Browsing Working Papers by Author "Smith, Daniel J."
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ItemCommittee Election and Rotation(SSRN Working Paper, 2018-08-29) Smith, Daniel J.Can committee election and rotation (CER) for public office supplement formal terms and term limits to achieve more frequent office rotation without incurring, to the same extent, the associated turnover costs of a term limit set to the equivalent length? This paper provides a theoretical description of CER where two or more individuals are elected to serve individual terms for the same public office, with the exclusive right to exercise the public office rotating amongst the committee members at intervals shorter than the term length. CER would be most likely to emerge among a factional electorate, as CER would enable shorter rotations in office to be achieved without lower turnover costs. A case study of three high-level public offices using CER in the Republic of Venice, controlled by factional patricians, provides evidence of the historical structure and operation of CER. The tripartite presidency of Bosnia and Herzegovina is examined as a modern day application of CER among a factional electorate.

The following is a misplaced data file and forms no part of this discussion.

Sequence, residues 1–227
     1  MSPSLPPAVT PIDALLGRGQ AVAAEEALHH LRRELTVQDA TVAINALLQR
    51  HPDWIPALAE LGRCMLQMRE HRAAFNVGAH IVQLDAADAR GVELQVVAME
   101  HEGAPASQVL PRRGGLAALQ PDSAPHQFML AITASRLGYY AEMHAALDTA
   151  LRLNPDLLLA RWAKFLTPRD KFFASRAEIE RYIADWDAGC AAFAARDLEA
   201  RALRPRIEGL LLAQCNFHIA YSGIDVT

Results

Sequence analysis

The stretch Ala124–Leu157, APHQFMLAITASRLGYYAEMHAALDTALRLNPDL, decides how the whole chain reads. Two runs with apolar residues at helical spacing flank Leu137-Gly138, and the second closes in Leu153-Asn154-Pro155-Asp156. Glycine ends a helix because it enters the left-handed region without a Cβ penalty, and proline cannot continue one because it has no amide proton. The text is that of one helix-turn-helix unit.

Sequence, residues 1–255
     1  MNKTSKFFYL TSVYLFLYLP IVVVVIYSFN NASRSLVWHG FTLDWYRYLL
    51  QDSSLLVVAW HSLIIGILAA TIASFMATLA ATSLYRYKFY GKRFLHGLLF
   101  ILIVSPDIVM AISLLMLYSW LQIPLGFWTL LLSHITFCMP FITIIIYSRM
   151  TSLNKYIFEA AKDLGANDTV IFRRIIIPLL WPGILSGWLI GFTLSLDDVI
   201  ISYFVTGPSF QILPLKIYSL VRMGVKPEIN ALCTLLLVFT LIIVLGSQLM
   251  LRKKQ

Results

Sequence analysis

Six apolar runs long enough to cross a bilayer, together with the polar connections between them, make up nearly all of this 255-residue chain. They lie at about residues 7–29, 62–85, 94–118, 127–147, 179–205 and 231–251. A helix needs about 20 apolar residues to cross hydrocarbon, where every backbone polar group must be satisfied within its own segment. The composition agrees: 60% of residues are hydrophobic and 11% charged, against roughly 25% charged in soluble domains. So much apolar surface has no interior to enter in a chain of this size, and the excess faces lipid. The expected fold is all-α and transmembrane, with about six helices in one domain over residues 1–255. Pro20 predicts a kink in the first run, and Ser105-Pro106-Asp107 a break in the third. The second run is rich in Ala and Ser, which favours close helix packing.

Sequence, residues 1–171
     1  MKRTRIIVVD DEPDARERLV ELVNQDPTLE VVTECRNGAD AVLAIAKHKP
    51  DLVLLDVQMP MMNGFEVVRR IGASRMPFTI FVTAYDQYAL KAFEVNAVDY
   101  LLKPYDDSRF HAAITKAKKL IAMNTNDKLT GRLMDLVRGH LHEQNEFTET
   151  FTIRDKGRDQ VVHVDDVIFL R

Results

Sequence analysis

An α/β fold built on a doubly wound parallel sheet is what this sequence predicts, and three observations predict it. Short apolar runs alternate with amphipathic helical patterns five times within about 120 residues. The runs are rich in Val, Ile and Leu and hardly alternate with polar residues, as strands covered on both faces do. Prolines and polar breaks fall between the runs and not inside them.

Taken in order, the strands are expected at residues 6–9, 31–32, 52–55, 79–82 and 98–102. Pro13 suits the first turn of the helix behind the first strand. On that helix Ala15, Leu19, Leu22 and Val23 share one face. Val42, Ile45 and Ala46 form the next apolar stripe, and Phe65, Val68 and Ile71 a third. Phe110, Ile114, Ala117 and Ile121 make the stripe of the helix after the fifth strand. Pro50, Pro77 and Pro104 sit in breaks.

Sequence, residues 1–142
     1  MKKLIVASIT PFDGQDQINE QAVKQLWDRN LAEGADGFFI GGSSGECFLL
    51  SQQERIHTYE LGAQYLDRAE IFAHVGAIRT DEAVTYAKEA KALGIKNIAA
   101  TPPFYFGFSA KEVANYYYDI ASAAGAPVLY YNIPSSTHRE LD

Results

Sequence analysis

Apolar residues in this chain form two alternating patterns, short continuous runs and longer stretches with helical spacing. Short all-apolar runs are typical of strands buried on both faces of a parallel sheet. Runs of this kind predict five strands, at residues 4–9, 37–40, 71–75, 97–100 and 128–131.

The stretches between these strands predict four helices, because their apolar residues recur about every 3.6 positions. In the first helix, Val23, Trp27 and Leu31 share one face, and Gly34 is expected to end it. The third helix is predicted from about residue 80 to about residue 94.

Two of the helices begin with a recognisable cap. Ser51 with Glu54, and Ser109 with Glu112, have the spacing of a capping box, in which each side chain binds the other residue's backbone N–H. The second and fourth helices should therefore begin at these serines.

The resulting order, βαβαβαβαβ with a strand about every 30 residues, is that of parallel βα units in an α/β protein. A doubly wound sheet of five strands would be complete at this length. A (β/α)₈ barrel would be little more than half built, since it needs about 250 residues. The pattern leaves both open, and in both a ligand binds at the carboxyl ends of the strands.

ItemLong Live the King? Death as a Term Limit on Executives(SSRN Working Paper, 2018-08-29) Smith, Daniel J. ; Crowley, George R. ; Lequizamon, J. SebastianCan informal term limits place binding constraints on executives? And, are there conditions under which an electorate would forego formal term limits in favor of informal term limits? Formal term limits face three primary problems: they can be dispensed by powerful executives, they limit electorate discretion on term length, and they artificially shorten an executive’s time horizon. This paper extends the literature on term limits by building a model of informal term limits which overcomes these deficiencies. Our model demonstrates that an electorate could use the death of a lifetime-appointed executive, based on their projected life expectancy, to enforce binding, informal term limits. Informal term limits would enable the electorate to exercise discretion in adjusting tenure lengths when considering the tradeoff between the expected benefits of regime stability, such as experience, and the expected costs of long tenures, including the possibility of tyranny. In addition, this informal term limit would be congruent with an executive’s natural time horizon. Informal term limits would be most advantageous to an electorate fearful of both internal (tyranny) and external (military conquest) threats. A historical case study of ducal elections in late Middle Age and Renaissance Venice provides evidence of an electorate in this circumstance, the patricians of Venice, imposing informal term limits on their executives utilizing the projected life expectancy of ducal candidates at election.